There are 300 million people playing basketball in China today. That is the size of the population of the United States, and, in large part, we owe it to Yao Ming.

Among the world’s elite basketball stars, Yao Ming, “The Moving Great Wall,” is like no other. He was the number 1 draft choice of the Houston Rockets in 2002, making him the first foreign player to ever be selected first in NBA draft history. A towering 7’6 player, Yao Ming did not bring just height to the NBA, he brought perseverance and dedication. It was not always smooth sailing for this athlete from China. There were times of hardship and frustration when Yao Ming had to sit out weeks due to injuries that threatened to end his career before it even took off. Yet, it cannot be denied that Yao Ming accomplished more on the international sports scene in a few short years than any other Chinese athlete before or since. Through his basketball achievements, he set off a new wave of excitement and interest and became a symbol of China’s basketball hopes for generations to come.

Table Tennis and badminton have long been popular sports in China with football gaining ground in recent years. But basketball has always been there. A popular sport even during the Cultural Revolution, it continues to attract China’s athletes and sports fans. Yao Ming’s selection to the NBA, not only inspired Chinese basketball enthusiasts, it reignited the fire. The NBA’s exposure to China’s basketball market always existed, but during Yao Ming’s Rockets’ days, the fan base doubled and then tripled. People watched not only because he was one of their own but because he dominated on the court. At his peak, Yao Ming averaged 19 points, 9.2 rebounds, and 1.9 blocks per game, and the Chinese fans loved to watch him play!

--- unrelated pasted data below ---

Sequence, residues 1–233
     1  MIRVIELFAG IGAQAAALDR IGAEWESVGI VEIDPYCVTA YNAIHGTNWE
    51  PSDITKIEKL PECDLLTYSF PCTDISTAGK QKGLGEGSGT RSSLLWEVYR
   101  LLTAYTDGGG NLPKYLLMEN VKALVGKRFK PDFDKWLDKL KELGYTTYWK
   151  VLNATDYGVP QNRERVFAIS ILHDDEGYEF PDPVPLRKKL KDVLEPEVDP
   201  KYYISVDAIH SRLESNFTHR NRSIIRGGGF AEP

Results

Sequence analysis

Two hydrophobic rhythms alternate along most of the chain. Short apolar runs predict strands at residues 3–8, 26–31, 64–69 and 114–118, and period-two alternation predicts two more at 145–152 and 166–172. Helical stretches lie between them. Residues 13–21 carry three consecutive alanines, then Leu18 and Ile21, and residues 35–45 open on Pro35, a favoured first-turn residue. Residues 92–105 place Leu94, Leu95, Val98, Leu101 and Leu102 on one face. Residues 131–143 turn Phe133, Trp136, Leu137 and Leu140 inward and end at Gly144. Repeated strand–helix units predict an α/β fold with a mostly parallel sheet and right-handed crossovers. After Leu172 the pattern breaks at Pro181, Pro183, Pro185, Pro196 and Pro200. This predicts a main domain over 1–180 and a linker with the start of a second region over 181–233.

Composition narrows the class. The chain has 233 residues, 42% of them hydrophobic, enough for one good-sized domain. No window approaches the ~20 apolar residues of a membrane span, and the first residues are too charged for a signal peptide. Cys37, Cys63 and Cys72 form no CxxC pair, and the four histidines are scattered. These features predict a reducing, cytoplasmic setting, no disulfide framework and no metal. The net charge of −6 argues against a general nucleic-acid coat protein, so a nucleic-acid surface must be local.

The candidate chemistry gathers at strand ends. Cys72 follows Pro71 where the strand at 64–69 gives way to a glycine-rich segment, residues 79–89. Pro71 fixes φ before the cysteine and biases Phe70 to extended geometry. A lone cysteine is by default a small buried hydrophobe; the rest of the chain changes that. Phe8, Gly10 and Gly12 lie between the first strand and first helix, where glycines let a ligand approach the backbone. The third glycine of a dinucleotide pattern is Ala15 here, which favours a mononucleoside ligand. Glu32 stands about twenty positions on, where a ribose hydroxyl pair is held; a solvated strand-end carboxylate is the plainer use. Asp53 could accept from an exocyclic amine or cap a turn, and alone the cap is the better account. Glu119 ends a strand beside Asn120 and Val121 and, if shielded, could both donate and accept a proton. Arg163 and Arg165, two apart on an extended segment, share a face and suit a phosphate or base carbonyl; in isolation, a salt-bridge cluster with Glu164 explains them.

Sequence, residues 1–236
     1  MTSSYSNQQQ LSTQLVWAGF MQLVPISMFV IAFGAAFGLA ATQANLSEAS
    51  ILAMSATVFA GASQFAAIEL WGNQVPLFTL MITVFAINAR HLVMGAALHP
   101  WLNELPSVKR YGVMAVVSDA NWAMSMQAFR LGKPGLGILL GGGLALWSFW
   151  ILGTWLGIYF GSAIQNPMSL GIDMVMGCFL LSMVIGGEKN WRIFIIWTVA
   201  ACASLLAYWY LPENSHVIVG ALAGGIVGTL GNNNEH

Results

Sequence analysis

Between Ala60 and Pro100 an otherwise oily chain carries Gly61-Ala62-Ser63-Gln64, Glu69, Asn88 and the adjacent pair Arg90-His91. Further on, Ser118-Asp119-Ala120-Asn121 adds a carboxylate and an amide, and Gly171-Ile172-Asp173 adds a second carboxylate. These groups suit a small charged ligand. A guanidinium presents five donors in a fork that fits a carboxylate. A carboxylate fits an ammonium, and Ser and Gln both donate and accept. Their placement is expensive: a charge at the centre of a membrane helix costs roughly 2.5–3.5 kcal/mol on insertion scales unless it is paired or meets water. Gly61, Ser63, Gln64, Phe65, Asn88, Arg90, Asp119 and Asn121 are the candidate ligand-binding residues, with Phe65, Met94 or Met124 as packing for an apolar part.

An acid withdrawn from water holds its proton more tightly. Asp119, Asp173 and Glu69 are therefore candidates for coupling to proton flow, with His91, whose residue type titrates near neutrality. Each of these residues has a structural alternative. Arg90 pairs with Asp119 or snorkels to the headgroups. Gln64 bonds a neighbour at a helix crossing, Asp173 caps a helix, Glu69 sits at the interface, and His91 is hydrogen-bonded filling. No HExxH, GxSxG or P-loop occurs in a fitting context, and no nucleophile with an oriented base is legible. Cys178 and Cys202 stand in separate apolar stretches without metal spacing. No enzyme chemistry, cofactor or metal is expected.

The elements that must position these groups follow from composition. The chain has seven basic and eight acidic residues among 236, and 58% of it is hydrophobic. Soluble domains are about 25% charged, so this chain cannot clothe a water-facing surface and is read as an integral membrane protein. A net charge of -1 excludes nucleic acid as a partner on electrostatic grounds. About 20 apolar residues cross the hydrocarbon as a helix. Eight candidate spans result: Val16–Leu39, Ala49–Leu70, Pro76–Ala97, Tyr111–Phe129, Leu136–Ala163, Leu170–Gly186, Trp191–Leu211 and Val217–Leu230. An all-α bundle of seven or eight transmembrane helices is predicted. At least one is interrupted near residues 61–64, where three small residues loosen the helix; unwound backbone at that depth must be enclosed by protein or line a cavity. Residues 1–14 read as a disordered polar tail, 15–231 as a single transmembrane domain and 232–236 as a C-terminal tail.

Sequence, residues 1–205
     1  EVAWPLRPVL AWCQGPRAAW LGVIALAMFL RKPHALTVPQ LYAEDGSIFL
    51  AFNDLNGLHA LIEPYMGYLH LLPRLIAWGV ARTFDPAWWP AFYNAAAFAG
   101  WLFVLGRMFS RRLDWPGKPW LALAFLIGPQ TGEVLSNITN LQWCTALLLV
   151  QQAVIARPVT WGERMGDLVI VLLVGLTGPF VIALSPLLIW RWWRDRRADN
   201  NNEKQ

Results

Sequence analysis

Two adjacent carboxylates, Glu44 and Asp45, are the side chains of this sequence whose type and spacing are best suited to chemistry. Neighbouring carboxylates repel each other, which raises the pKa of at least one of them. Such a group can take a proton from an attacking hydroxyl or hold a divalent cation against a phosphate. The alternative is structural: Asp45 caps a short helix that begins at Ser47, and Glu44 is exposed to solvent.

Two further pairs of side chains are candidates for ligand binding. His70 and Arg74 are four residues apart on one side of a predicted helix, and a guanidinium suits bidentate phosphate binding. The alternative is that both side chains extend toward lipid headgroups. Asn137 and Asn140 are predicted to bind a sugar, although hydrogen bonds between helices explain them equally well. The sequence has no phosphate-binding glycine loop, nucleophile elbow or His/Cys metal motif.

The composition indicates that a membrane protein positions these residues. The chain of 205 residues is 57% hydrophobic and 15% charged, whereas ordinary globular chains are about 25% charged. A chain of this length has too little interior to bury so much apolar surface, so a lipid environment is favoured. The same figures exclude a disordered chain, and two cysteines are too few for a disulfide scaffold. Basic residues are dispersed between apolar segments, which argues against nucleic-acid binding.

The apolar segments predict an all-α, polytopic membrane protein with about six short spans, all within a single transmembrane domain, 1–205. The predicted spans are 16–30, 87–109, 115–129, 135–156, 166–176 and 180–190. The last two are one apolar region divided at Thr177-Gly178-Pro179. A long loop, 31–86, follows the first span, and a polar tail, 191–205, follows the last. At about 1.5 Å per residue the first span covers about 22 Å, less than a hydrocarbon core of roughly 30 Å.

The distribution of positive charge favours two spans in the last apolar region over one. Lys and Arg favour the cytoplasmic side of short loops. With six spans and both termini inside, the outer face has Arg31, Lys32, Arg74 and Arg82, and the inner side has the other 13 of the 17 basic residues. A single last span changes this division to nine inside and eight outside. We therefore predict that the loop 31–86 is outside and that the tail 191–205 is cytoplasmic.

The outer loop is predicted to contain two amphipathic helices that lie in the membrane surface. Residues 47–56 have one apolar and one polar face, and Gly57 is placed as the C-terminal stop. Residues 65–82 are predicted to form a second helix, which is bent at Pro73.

The NBA took full advantage of the Yao Ming craze to expand growth of the league and to promote basketball in China. In 2004, the NBA became the first American professional sports league to stage games in China just two years after Yao Ming was drafted. Since then, the NBA has played 12 preseason games in the country in four different cities. In 2016, the NBA announced that it would establish elite training centers in Urumqi, Jinan, and Hangzhou, providing NBA-trained staff and coaches. The aim: to develop basketball prospects.

But the Yao Ming effect has extended beyond the game and its players. His name and his popularity have brought huge profits to the NBA which has established itself on the Chinese basketball scene hosting and sponsoring events such as the NBA China Games, NBA Care Events and the annual “Yao Foundation Charity Tour.” The NBA brand is alive and well in the world’s most populous nation and merchandise with the NBA logo is everywhere. China became the NBA’s biggest market after North America.

It was feared that Yao Ming’s retirement from basketball in 2011 would signal the end of the NBA in China. Those fears have been assuaged. Despite never having won an NBA championship, Chairman Yao has inspired millions of players in China and around the world.

Though the Great Wall is certainly China’s best known attraction for tourists, Yao Ming, “the Moving Great Wall,” is its most popular sporting phenomenon.